Using current technology and available locations, it would be possible to capture at least 6,700 petawatt hours per annum from solar and wind, which is more than 100 times global energy demand, a report from think tank Carbon Tracker has found.
Furthermore, the collapse of the cost of renewables in the last three years means half of this solar and wind potential is now economically viable, and by the end of the decade it will be over 90%.
“The technical and economic barriers [for renewables] have been crossed and the only impediment to change is political,” said the report, which was authored by Carbon Tracker’s Kingsmill Bond, Ed Vaughan, Sam Butler-Sloss, as well as Harry Benham from think tank Ember-Climate.
The lucky country
Australia, along with Africa South America “stand out as having huge technical potential compared to energy demand,” the authors found.
“In terms of the renewable energy potential per person, Australia is in a league of its own with over 10,000 MWh per person per annum. With vast renewable potential and a low population, it is thus well positioned to become the battery of the world.”
The authors caveat this, however, noting that Australia’s geographic characteristics may not necessarily lend themselves for exports.
Due to Australia’s abundance of space, the report says its unlikely Australia (like Africa and Russia) will need to invest much in offshore wind platforms.
Solar could even go it alone
The report also looked into the land required to power the world only from solar PV panels, finding that 450,000 square kilometres would be needed, just 0.3% of the global land area, which is 149 million square kilometres. This obviously variously between countries – with Australia again in luck, ranking among the world’s most abundant.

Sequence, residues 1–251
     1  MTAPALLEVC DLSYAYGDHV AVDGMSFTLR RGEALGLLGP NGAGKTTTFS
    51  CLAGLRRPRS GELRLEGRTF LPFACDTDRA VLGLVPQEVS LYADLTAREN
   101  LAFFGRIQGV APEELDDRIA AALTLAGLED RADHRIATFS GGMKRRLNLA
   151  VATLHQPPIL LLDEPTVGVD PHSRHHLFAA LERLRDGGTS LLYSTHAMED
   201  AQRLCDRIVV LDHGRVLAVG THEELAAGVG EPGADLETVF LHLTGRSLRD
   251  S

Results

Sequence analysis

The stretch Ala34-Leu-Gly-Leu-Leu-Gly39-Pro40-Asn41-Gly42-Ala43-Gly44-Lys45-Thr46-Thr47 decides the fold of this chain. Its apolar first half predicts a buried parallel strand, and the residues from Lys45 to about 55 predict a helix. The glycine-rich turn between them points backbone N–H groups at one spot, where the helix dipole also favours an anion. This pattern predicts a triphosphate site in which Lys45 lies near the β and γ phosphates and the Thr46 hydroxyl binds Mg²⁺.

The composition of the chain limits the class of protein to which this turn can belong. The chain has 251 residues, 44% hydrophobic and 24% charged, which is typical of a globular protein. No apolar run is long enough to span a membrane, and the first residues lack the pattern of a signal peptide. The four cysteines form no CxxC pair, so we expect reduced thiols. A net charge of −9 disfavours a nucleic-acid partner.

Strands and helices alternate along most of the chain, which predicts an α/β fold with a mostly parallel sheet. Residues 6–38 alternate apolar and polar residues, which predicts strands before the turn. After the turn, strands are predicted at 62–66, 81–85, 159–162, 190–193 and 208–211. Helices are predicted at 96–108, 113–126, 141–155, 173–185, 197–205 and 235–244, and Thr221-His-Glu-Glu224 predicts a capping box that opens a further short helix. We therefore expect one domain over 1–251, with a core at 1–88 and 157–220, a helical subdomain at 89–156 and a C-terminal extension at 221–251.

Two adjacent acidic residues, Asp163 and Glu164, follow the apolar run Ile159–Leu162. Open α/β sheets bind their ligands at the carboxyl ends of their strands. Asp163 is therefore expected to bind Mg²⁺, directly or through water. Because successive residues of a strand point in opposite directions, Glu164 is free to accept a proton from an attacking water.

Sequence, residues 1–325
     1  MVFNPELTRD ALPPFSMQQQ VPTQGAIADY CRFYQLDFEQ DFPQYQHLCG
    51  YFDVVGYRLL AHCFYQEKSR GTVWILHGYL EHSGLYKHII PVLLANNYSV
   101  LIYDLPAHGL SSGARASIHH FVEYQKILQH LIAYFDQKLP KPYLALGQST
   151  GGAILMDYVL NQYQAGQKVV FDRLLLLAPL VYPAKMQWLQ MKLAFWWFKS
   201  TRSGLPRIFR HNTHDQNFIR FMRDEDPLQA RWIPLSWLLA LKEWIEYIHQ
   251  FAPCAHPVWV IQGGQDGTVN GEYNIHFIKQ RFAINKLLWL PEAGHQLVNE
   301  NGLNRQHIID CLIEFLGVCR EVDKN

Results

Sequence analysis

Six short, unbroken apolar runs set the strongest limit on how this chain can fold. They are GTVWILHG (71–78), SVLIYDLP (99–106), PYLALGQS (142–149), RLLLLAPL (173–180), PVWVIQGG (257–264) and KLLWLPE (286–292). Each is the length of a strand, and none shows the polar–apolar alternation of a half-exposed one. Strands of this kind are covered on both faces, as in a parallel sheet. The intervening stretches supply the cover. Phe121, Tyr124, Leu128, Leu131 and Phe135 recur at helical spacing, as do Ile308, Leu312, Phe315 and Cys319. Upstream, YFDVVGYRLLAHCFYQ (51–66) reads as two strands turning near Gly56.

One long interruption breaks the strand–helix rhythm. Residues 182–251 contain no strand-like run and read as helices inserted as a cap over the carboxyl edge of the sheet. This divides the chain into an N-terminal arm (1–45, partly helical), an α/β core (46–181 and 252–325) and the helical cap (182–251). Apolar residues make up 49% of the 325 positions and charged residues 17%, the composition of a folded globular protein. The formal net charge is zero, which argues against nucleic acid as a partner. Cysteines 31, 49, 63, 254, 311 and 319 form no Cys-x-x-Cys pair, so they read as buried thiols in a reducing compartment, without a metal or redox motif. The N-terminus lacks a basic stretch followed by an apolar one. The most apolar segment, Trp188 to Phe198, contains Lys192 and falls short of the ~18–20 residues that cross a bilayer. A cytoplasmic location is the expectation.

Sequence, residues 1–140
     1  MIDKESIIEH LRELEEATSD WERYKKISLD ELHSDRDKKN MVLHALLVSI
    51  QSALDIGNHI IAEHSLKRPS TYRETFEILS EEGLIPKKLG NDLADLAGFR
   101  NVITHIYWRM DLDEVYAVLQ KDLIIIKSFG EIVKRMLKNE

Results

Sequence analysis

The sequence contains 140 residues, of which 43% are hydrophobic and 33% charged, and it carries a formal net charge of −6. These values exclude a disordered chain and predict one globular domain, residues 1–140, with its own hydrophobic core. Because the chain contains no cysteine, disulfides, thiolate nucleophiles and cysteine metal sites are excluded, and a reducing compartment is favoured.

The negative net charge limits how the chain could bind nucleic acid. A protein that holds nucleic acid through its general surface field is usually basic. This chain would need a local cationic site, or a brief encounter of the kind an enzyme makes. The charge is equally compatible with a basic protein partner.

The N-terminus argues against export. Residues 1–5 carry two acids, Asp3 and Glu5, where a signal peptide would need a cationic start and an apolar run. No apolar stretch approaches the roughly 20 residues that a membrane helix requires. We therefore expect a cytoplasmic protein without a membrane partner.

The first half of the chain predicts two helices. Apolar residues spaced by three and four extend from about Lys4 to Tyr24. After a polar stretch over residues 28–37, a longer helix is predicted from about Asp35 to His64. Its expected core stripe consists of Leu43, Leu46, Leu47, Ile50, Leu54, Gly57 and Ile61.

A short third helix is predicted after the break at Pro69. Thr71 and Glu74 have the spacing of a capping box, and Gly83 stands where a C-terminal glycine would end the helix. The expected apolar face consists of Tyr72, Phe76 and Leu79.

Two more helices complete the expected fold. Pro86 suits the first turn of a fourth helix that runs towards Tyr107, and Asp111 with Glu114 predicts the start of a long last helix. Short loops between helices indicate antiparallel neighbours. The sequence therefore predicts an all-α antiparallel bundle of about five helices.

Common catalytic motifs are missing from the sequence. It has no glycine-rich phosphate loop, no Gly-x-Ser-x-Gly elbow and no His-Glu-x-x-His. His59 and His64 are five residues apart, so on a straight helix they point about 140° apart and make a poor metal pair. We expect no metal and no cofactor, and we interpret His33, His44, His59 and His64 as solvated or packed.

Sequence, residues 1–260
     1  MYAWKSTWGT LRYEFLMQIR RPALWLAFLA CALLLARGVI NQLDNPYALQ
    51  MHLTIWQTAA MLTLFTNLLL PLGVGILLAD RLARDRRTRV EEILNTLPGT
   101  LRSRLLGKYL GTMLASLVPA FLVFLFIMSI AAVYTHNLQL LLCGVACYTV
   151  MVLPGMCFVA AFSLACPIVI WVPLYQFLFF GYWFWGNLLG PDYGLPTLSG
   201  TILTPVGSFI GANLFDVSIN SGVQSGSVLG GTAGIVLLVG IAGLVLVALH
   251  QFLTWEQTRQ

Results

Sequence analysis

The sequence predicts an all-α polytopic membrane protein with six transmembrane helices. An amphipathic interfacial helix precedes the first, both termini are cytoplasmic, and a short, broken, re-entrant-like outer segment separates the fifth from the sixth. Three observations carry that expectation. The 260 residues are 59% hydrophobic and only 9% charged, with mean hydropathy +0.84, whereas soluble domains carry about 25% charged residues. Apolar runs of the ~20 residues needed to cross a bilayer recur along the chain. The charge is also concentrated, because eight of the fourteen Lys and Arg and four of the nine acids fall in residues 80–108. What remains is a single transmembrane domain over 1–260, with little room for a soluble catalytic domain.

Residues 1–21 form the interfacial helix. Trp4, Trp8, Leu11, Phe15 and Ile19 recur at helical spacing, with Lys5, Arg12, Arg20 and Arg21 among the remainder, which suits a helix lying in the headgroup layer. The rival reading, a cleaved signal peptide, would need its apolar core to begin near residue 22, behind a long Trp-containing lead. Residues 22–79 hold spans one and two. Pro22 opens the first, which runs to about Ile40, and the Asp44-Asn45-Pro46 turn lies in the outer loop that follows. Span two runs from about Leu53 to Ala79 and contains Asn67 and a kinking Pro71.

Interestingly, Carbon Tracker says the space needed to fit enough solar panels to power the world is actually less than the land required for fossil fuels today, which in the U.S. alone is 126,000 square kilometres or 1.3% of the country.
At wind and solar’s current growth rate between 15% to 20%, the think tank forecast that fossil fuels will be pushed out of the electricity sector by the mid-2030s and out of total energy supply by 2050.
Poor countries, rich potential
Countries in the global south are the greatest beneficiaries of the shift towards solar and wind. “They have the largest ratio of solar and wind potential to energy demand and stand to unlock huge domestic benefits,” the report outlines.
“The continent of Africa for example is a renewables superpower, with 39% of global potential,” it finds.
More specifically, countries like Namibia has a renewables potential more than 1,000 times their energy demand. On the other end of the spectrum are countries like South Korea, which has a potential just 10 times its energy demand.
Germany, an outlier and a cause for hope
Germany is another example of a country with low potential and high demand. While it is a prime example of an industrial country, Germany has the third lowest solar and wind resources in the world compared to its total demand. That is, Germany is not very sunny, densely populated, and has high energy demand.
Nonetheless, it’s a global renewables leader. “If the Germans can find solutions, then so can everyone else,” authors of the report write.
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